The stock market starts to move up, the mortgage rates start to move up.
Not exactly in lockstep, but that was what mortgage brokers were telling me at the end of the year.
I was not to worry about rates going too high in 2011, as the Fed was taking steps to keep rates down.
That doesn’t exactly seem to be the case.
A broker wearing rose-colored glasses tell me that 2011 is going to be the third best year in the history of mortgage rates (2009 being best, 2010 2nd best).
That’s her way to telling me that rates are going to be higher than last year.
I like that spin.
Olga Savelov of Universal Mortgage told me, “if things worsen dramatically in the Eurozone, this will drive money into US Bonds”
which she feels would drive down rates, but she also told me not to bank on that, that
“the trend will be to gradually move higher, and end the year over 5%.”
Still, these are better rates than I expected to see by end of this year.
I ran into another mortgage broker as he was on his way to the airport, to a Wells Fargo all-expenses-paid trip for top earners.
It seems like 2010 was a good year to be a mortgage broker.
What he told me is probably more telling than the positive spin.
He told me that he is getting more calls for refinancing now than he has in all of 2010.
You may ask “Why didn’t these people refinance last year?”
The main reason is that 2009 was such a horrible year for commission-based salespeople, and bonuses were down that year as well- that people didn’t show enough income to be able to pass scrutiny by lenders.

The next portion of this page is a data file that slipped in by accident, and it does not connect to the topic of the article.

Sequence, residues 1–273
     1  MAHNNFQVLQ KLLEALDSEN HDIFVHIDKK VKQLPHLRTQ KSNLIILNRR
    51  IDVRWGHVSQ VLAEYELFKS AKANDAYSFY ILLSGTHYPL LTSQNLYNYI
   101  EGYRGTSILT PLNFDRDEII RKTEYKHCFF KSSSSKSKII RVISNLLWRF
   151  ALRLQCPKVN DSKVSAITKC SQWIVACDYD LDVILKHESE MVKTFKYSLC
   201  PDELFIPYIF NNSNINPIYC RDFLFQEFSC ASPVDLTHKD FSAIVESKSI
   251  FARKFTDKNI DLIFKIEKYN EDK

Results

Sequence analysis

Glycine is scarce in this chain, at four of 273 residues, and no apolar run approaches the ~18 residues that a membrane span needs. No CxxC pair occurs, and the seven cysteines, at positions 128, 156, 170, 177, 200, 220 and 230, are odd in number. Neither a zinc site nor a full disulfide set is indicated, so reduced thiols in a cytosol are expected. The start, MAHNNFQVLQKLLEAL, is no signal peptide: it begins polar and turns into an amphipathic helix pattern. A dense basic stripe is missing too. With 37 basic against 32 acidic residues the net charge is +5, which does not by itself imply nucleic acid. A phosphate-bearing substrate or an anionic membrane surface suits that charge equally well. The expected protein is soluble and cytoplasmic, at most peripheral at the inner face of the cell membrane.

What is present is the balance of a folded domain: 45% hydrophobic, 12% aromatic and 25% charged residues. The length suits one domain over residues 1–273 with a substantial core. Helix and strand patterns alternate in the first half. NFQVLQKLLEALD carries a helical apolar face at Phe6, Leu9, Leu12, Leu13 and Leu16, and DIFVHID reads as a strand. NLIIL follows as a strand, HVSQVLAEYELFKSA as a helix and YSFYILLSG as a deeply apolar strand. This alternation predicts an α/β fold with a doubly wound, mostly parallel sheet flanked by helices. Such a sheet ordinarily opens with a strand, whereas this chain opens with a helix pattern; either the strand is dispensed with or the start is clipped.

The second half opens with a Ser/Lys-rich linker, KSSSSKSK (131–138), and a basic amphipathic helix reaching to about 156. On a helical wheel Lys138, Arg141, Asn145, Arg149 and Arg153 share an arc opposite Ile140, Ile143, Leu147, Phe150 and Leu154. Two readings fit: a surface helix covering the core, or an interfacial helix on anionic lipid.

As soon as they file their 2010 taxes, which is happening now, they can all pass muster.
This is really interesting.
With the fate of Fannie Mae and Freddie Mac not exactly a foregone conclusion- they may still survive- people are stepping up to get their homes refinanced while the rates are still relatively low- and before underwriting gets any more tough.
A great Wall Street Journal article this week talked about the private sector stepping into the fray to make up for lack of lending by Fannie Mae et al.
My feeling is that buyers in the market now should have no problem finding lenders for NYC property, which is still at 2005-2006 pricing in many areas- big downpayments, easy valuations.
It’s just everywhere else that might see problems, if the flow of this GSE lending dries up.
This will be interesting to watch.
Will we see rates drop if there’s a correction in the stock market?
Will we see the Fed step in if rates go much higher?
I have to be highly doubtful of that.
Frank Cronin of Guaranteed Home Mortgage told me “I do not see 30 year below 417k going past 5.375%, and 30 year below 729k going past 5.625”
We’ve seen the high end of the market be very strong as of late.
If this is the case, I think we’ll see continued strengthening in the area which has been a little weak, properties hovering around $1 million.